We Need to Talk About Planning and Designing for Climate Justice
The cumulative effects of agriculture, industrialization, and urbanization are unequivocally changing our climate and producing globally unprecedented challenges related to food production, building materials, and human and ecosystem health, and exacerbating conditions that promote the spread of pandemic diseases, and these challenges are disproportionately affecting low-income communities and communities of color. This is not new. Our built environments create impacts on all of the above forces, and play a critical role in the creation of, and potential dismantling of, inequitable conditions of living and human and ecosystem health. How do we as designers of buildings and cities contribute to climate change and its deeply-rooted, systemic impacts, and what can we do now to turn our impact positive? How do we recognize, through our planning and building processes, the links between human health in our communities, particularly in communities of color, and the health of the planet and its ecosystems? How do we designing for climate justice, carbon neutrality, and equitable impact of positive change? And how do we reform our pedagogical approaches in our academies to ensure equitable climate considerations “go without saying”?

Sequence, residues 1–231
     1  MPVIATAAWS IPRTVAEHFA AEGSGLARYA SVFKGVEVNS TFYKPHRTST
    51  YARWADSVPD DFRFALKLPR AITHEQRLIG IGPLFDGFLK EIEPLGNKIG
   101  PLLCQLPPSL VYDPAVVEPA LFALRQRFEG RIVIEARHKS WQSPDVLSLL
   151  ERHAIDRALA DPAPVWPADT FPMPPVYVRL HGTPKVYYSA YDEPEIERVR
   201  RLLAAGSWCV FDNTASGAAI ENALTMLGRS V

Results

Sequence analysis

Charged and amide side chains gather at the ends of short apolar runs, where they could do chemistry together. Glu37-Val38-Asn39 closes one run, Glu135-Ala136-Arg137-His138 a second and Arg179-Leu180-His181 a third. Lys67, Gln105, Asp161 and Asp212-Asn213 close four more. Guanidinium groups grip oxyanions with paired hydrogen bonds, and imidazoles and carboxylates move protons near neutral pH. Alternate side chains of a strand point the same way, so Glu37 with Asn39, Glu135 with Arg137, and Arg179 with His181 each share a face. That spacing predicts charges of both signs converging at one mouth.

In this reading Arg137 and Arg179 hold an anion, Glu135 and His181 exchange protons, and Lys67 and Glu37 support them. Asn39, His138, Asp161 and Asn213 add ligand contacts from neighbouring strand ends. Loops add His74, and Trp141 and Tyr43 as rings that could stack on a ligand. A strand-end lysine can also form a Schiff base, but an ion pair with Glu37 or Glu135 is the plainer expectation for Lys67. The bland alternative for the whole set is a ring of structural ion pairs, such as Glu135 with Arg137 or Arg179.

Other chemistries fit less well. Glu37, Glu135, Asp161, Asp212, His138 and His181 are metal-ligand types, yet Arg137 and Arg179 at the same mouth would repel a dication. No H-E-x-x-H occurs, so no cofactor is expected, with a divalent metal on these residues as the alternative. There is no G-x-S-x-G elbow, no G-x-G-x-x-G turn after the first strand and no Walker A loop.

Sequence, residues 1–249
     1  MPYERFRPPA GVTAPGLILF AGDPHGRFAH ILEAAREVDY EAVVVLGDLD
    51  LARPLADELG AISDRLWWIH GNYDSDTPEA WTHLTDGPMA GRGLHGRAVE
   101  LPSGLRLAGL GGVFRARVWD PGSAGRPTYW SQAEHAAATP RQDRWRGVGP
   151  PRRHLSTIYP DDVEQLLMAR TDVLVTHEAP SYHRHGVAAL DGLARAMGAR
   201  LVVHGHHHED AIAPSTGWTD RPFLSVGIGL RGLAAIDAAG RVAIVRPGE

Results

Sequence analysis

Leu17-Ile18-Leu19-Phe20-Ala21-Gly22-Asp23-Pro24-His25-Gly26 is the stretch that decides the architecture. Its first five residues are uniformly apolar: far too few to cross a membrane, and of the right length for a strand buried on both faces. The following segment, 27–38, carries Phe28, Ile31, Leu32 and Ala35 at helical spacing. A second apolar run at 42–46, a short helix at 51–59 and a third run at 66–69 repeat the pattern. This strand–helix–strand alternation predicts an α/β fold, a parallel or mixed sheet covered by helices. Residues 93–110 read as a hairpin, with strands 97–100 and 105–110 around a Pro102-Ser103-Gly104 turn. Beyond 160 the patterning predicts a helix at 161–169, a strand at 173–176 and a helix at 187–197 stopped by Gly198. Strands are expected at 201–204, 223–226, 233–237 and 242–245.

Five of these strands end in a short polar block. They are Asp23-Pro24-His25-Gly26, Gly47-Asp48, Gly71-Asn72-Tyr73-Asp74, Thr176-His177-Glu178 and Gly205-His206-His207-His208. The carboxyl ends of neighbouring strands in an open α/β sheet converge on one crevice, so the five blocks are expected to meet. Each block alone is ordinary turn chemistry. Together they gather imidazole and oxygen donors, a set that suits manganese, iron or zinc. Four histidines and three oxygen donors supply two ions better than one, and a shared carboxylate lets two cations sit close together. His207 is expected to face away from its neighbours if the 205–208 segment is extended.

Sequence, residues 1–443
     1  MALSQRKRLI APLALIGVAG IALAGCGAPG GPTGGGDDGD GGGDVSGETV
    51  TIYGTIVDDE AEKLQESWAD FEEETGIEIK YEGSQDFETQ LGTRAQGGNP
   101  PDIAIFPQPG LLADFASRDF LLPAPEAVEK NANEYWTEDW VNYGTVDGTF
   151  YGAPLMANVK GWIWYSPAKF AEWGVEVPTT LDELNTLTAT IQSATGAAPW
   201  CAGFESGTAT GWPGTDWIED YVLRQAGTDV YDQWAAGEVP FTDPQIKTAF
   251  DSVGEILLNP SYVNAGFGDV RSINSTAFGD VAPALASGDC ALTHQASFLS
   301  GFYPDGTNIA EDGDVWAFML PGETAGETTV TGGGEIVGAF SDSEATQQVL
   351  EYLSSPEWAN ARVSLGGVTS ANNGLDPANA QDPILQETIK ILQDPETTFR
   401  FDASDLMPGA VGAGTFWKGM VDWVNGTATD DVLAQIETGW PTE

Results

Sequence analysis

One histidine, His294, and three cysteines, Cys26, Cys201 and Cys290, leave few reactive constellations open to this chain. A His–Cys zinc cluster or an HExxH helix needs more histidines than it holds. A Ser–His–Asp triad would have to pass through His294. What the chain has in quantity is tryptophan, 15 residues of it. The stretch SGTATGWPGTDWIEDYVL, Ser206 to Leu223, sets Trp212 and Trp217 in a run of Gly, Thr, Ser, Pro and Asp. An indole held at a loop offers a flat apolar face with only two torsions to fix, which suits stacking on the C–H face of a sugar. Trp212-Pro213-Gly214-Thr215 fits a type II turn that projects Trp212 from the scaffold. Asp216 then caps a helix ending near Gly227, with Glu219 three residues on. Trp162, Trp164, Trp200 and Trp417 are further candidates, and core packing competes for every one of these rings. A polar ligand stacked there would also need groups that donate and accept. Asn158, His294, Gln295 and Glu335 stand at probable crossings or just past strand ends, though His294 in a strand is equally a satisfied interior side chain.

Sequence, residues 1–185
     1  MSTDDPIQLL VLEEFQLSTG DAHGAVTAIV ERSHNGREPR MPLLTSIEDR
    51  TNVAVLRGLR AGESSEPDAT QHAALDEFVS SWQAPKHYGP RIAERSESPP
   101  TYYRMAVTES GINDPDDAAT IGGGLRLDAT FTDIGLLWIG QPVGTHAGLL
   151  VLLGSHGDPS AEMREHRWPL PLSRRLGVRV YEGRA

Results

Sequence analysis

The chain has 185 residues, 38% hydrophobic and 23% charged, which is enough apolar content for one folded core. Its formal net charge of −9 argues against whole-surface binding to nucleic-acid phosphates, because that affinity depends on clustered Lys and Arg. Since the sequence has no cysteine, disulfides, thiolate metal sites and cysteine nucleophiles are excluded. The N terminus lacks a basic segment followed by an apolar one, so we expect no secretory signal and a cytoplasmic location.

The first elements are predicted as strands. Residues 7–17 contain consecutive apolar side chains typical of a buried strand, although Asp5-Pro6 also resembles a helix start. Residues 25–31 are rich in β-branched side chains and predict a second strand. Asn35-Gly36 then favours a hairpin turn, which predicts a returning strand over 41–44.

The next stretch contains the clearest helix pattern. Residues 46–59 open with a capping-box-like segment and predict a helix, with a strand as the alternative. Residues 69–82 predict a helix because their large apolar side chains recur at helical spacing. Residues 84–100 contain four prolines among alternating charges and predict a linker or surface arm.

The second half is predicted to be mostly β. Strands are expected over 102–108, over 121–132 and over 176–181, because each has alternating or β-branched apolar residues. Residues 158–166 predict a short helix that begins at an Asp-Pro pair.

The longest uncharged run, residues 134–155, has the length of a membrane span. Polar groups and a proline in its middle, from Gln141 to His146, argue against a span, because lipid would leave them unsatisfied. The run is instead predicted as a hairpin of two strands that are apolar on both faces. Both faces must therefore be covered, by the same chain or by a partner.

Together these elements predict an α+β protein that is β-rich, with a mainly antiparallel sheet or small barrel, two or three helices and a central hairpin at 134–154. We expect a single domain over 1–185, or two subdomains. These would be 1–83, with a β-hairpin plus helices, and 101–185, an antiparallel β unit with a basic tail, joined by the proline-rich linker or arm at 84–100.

Building on the successful first dialogue in this event series, “Moving Towards Gender Equity in Architecture,” and on ongoing efforts at the school to prioritize climate change as a fundamental consideration in all of our courses—including Dean Addington’s 2019–2020 welcome letter, to the University of Texas School of Architecture’s leading role in university-wide research initiatives such as Planet Texas 2050, to the hiring of new faculty to the Sustainable Design program—our event will bring together guests who represent city, landscape, and environmental design, and environmental and climate justice to have a conversation about where we are now in the design fields, where we need to be, and how to get there to ensure the health of our planet and its people. It will provide practical tools that we can use now, in our current academic culture and practices, to begin to shift our building climate for the better of earth’s climate.